Panicked Calls for QE by Draghi and ECB
Both the New York Times and the Sunday Telegraph are screaming for a European hyperinflationary "solution" to the continuing crash of the European economy. In a lengthy story on Sunday, the Times warned that European Central Bank (ECB) head Mario Draghi was too timid and has allowed the European currencies to collapse into "deflation," a monetarist spin on what is in reality a total collapse of the real economy. The Times highlighted the ongoing fight within the Eurozone between Draghi and his French and Italian boosters, and German central bank head Jan Weidemann, who argues against the QE policies being demanded.
Over the weekend, Ambrose Evans-Pritchard warned in the Daily Telegraph that it may be too late for QE, noting that yields on European sovereign debt have fallen to levels not seen since the 14th Century Black Death. Italy, Spain, and Portugal this last week saw yields on five year bonds fall to between 0.13 and 0.32 percent, and German state bonds were selling at negative rates.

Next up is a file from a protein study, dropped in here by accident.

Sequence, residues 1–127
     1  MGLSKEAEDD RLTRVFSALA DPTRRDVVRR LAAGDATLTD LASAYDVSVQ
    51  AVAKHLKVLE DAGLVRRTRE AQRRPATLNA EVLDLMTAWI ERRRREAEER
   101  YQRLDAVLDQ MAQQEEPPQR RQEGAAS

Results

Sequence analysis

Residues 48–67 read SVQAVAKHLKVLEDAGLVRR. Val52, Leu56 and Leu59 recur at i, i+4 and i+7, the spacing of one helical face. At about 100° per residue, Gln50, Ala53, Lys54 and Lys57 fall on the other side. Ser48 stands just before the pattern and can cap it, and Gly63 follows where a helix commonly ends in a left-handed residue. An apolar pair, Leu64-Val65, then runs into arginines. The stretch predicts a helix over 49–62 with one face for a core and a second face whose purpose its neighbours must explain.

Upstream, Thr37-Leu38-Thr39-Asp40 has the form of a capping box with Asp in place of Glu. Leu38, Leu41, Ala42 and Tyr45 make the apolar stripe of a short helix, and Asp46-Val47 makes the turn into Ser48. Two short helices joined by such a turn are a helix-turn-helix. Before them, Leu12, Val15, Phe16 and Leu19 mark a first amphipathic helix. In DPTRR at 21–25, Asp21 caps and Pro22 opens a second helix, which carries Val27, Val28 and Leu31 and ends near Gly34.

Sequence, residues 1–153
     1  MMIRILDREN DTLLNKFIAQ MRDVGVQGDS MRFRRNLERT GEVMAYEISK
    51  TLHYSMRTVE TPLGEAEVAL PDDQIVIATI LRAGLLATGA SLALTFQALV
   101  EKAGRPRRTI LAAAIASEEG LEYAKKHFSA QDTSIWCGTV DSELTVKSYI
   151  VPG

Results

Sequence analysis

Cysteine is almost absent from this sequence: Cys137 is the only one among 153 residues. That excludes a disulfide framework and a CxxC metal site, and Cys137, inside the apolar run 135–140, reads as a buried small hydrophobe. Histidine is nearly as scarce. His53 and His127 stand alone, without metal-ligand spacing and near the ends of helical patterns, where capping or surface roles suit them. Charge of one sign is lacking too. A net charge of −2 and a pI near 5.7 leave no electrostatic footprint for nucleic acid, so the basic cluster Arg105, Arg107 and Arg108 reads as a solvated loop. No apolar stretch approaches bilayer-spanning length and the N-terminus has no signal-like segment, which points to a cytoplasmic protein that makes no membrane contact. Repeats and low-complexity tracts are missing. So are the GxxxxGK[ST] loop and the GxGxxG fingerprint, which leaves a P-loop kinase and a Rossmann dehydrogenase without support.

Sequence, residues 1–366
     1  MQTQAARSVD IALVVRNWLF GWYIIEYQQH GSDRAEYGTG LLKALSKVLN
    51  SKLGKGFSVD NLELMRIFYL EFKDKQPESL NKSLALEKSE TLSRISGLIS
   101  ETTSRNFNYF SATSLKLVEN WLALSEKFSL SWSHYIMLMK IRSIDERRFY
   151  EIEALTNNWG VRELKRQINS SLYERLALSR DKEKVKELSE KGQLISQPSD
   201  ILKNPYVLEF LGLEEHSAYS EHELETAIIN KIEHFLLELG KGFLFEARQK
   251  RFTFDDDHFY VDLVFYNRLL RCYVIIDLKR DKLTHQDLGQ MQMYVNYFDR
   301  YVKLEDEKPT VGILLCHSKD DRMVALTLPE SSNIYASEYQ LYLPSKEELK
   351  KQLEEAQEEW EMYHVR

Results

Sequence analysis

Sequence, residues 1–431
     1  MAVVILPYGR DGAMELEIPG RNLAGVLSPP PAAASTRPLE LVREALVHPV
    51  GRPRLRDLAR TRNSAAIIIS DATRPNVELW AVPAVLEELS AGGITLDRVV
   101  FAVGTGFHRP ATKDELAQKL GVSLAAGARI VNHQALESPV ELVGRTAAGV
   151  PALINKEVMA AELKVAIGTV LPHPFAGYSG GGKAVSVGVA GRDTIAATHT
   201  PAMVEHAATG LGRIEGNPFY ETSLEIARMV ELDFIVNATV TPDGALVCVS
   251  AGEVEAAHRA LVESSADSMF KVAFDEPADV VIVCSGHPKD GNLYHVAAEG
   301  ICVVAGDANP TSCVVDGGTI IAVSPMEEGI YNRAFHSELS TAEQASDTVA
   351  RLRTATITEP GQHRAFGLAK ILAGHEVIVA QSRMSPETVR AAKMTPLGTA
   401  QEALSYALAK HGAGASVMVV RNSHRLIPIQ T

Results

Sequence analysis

Pritchard warned that it may be "too late" for the ECB to launch a big enough QE to set Europe back on a "growth track," noting that Germany will run a budget surplus and will be allowing some of its expiring debt to run out without roll-over. He cited Merkel advisor Michael Fuchs, who opposed any new QE and also noted that Germany could live with Greece leaving the euro system altogether. Fuchs declared that the ECB should not, in Pritchard's words,
"be in the business of propping up peripheral debt markets."
Fuchs' view that Greece can safely leave the euro is not shared widely, with panicked warnings about a Europe-wide contagion hitting the City of London press in particular ever since the collapse of the Greek government.